Although we adore the Trader Joe’s pumpkin pancake mix, I’ve always thought it needed more cowbell pumpkin, so I created my own recipe that ramps up the pumpkin flavor. (Note: If you like less pumpkin, just back it off and substitute applesauce).
|We love our learning tower|
Side note: This recipe is an adaptation of a blueberry banana pancake recipe I’ve been making ever since we lived in England. The whipped egg whites, applesauce, and pumpkin provide moisture, eliminating the need for dairy. It’s a useful recipe when you have about a half a can of pumpkin needing to be used up (usually I do after making “cheez-it bread”). It’s a simple recipe that even the kids can help make; we’re making griddle cakes this morning to participate in the Kids Cook Monday movement.
With the addition of buckwheat flour and cornmeal, these cakes are healthy by pancake standards and have a toothy bite to them. I know some people use the terms “griddle cake” and “pancake” synonymously, but in the south, griddle cakes have a cornmeal component. I grew up eating them in the mountains and love that slight crunch, but you can omit the cornmeal in favor of more flour if you prefer.
3/4 c. pumpkin puree
1/2 c. applesauce or mashed banana (~ 2 bananas)
2 Tbs. unrefined organic sugar
2 tsp. lemon juice
2 eggs, separated*
1/2 c. white whole wheat flour**
1/4 c. buckwheat flour
1/4 c. yellow cornmeal (we like Bob’s Red Mill yellow corn grits/polenta)
1 tsp. baking powder
1/4 tsp. salt
pinch of pumpkin pie spice (cinnamon, nutmeg, ginger, allspice and cloves)
1 Tbs. melted coconut oil
1 c. pecans or chocolate chips (optional)
Whisk together flours, baking powder, salt, and spices in a small bowl. In a medium bowl, mix together pumpkin, applesauce/banana, sugar, juice, egg yolks, and cornmeal. Let it sit a few minutes so the grits soften. Fold flour mixture into pumpkin mixture. This batter can sit in the fridge/freezer until you are ready to use it.
When you are ready to make the griddle cakes, whisk egg whites with a pinch of salt until stiff. Fold into pancake batter.
|Needs some water.|
If the batter is still too thick (like mine was), add a few teaspoons of water until it has a still-thick but pourable consistency.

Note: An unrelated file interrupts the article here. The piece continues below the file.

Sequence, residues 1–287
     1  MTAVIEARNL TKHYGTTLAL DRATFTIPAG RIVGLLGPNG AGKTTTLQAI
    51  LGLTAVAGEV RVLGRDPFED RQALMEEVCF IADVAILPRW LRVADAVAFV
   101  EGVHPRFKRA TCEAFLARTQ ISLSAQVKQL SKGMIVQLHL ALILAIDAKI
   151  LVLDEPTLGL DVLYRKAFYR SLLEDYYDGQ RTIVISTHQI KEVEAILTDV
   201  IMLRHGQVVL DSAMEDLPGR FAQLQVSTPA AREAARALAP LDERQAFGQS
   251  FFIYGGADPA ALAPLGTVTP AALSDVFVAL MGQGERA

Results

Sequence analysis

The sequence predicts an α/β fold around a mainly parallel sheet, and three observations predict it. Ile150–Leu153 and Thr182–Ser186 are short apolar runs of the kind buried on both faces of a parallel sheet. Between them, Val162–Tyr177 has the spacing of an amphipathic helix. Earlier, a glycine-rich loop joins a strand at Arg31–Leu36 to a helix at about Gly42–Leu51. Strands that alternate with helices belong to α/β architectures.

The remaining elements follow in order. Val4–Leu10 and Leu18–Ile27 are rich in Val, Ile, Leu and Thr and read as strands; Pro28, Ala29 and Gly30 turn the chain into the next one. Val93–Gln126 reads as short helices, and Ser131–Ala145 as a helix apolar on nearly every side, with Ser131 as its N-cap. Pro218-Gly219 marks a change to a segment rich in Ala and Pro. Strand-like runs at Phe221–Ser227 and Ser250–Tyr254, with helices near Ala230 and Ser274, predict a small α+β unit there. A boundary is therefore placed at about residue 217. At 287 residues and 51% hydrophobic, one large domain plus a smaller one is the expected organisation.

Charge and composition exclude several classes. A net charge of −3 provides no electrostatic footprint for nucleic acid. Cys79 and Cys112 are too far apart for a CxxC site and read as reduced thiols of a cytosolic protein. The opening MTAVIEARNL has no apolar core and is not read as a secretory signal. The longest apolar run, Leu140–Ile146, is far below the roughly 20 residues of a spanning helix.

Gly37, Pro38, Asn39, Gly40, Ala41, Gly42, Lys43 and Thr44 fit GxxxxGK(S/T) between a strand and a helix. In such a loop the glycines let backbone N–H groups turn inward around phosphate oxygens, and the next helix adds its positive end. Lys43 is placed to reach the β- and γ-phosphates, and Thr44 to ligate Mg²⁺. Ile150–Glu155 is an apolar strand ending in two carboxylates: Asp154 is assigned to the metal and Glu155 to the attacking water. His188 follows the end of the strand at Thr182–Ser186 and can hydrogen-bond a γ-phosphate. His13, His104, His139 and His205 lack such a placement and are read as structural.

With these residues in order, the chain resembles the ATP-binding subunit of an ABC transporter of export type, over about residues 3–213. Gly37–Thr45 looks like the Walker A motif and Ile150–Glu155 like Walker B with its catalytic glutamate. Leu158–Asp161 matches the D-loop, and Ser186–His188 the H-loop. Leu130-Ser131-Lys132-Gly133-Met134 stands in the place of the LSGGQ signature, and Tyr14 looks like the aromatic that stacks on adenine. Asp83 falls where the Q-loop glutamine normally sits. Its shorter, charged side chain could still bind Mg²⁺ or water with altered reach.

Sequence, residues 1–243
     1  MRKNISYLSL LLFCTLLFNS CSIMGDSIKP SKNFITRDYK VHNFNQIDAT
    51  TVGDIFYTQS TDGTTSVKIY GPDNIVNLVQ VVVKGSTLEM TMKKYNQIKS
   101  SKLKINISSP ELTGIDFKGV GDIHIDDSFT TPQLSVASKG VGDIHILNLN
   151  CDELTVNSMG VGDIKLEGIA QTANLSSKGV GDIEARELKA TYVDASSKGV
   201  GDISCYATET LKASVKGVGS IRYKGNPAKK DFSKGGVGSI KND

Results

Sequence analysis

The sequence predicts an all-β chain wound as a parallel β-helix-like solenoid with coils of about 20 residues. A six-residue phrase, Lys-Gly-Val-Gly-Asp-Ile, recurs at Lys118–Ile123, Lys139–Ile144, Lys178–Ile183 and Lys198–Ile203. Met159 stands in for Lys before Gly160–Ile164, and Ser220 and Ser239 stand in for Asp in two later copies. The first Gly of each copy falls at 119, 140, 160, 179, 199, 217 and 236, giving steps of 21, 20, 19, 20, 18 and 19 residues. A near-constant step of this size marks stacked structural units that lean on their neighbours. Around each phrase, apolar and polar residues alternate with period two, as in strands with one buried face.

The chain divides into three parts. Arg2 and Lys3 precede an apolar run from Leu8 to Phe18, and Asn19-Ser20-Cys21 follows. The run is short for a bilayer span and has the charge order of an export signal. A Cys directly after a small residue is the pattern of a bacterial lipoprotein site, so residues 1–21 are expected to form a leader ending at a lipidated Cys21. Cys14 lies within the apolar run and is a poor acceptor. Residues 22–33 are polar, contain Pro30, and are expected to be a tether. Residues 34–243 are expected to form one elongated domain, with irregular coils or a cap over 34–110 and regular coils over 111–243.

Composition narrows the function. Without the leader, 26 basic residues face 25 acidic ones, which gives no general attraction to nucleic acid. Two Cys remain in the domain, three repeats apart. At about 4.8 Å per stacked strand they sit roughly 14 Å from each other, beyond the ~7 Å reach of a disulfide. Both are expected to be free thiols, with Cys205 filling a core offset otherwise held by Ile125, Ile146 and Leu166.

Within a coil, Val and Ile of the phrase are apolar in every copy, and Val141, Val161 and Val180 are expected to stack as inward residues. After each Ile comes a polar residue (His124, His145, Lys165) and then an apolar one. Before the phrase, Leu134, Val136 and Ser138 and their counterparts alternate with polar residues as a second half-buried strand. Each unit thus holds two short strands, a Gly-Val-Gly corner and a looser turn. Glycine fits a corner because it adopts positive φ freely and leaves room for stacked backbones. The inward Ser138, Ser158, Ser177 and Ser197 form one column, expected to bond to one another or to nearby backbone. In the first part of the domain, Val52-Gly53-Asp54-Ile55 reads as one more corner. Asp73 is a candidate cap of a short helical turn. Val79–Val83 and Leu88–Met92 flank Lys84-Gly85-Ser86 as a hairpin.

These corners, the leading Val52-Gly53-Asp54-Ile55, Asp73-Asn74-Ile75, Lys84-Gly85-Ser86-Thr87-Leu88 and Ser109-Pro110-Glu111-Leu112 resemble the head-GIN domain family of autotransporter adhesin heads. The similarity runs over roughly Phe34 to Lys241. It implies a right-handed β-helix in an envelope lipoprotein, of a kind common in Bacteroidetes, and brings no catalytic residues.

Heat a griddle over medium heat. Grease with coconut oil. Drop on a heaping tablespoon of batter. Smoosh it down into a pancake shape with the back of a silicon spatula. After one minute, sprinkle in a few pecans if you like, or chocolate chips if you want to gild the lily. They will take longer to cook than a standard silver dollar pancake, and you can’t rely on the bubbles to tell when they’re done. I treat them like any baked good and give it the old toothpick test after about 5 minutes on each side. I also cook them on lower heat after the initial sizzle to avoid burning the outside before the center is done.
While they are delicious with maple syrup or whipped cream, our preference is to top them with spiced applesauce (recipe from the Food in Jars book). They’re also fabulous drizzled with cranberry syrup (another recipe from the wonderful Food in Jars book). After conducting a quick Google search, I’m seriously considering making cranberry apple brandy syrup or pumpkin syrup. If you’re going for dairy-free all the way, you might try whipping some coconut butter.
These griddle cakes are even flavorful enough without a topping; I find that I can make them ahead, then heat them and stash them in a handkerchief for a breakfast-on-the-go, which is great for Sundays when we get up and go quickly, heading straight from church to choir practice.
*If you need the recipe to be vegan, substitute 2 Tbs. flax seed meal and 1/4 c. + 2 Tbs. water. Add this mixture when egg yolks are called for, and omit the egg white whipping step. Be sure to cook them at a low temperature so they are given a chance to cook through before burning on the outside.
**If you need the recipe to be gluten-free, substitute oat flour for whole wheat flour. Despite its misleading name, “buckwheat” flour is gluten-free.